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Pular volcano

stratovolcano 6233 m / 20,449 ft
Northern Chile, Bolivia and Argentina, South America, -24.19°S / -68.05°W
Current status: dormant (1 out of 5)
Typical eruption style: effusive
Pular volcano eruptions: 1990 (?)
TimeMag. / DepthDistanceLocation
Thu, 27 Aug
Thu, 27 Aug 08:59 UTCM 4.4 / 200.9 km14 km66 km al S de Socaire
Tue, 18 Aug
Tue, 18 Aug 15:07 UTCM 4.7 / 186 km11 kmANTOFAGASTA, CHILE
Wed, 22 Jul
Wed, 22 Jul 23:13 UTCM 4.0 / 217 km10 kmSALTA, ARGENTINA
Mon, 13 Jul
Mon, 13 Jul 12:53 UTCM 3.0 / 144 km23 kmSALTA (Argentina)
View all recent quakes
Pular is a stratovolcano in the Antofagasta Region of northern Chile, NW of the Salar de Pular and 15 km from the border with Argentina. The volcano belongs to a 12-km long chain of several vents and volcanoes, which have erupted extensive lava flows.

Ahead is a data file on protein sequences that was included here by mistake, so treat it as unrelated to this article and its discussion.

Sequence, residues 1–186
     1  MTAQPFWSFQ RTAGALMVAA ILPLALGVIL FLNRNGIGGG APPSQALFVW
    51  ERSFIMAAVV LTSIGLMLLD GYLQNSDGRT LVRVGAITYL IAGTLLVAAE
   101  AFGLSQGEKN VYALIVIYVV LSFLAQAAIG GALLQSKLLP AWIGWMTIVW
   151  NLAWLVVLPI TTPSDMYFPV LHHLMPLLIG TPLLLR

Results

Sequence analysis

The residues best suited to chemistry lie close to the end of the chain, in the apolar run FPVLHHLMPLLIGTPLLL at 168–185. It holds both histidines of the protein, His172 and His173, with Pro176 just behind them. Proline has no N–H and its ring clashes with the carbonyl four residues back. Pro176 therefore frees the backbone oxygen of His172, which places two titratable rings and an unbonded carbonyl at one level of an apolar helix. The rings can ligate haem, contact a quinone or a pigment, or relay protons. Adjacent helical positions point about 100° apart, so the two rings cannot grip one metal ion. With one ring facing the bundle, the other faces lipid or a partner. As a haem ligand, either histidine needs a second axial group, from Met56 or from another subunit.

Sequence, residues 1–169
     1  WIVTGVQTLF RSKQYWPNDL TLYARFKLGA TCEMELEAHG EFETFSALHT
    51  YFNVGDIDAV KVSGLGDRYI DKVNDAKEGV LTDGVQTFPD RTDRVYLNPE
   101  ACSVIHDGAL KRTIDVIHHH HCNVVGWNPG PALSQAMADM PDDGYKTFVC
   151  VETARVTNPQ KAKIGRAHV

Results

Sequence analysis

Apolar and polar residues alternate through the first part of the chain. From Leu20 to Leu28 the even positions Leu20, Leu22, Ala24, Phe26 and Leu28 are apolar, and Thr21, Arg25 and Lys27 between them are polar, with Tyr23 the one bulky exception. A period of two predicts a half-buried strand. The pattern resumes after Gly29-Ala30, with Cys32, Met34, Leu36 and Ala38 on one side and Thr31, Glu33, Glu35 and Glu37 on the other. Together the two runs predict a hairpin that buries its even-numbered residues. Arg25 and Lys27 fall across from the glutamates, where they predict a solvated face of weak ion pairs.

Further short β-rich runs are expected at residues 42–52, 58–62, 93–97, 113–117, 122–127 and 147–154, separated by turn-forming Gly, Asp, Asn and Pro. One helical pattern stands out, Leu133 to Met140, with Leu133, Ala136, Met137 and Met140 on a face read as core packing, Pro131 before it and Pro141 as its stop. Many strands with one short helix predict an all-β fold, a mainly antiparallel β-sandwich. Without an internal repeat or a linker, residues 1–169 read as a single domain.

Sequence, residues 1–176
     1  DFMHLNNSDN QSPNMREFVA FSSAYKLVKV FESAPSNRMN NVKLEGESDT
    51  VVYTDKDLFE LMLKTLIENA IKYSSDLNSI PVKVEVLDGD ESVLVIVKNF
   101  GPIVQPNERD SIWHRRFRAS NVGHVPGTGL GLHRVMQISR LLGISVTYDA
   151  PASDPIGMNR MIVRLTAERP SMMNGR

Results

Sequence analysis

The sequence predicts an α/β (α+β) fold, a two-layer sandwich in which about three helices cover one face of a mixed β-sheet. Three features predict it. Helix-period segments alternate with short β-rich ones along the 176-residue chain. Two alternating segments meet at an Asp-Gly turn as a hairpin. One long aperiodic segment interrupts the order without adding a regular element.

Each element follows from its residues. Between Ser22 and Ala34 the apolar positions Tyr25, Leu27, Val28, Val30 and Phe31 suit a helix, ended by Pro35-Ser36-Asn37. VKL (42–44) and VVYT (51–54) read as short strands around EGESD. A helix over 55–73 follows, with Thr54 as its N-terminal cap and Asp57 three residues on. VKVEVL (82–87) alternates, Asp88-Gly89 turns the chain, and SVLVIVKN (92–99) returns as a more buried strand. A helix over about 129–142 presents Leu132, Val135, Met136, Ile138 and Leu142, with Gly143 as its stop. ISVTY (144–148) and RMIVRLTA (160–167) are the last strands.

A large satellite vent west of the ridge is known as Cerro Pajonales and is probably the youngest vent of the volcanic complex.
Reports of a small explosive eruption in 1990 could not be confirmed as to where it occurred.

Background:

Cerros Pular and Pajonales volcanoes are on the NE and SW end of 12-km-long volcanic ridge that is mostly older than 10,000 years. The volcanoes on the chain have erupted andesitic lava flows that overly older dacitic lava domes.
Many lava lava flows reached the lower flanks of the chain and there are about 10 craters.
(SOurce: Smithsonian / GVP volcano information)

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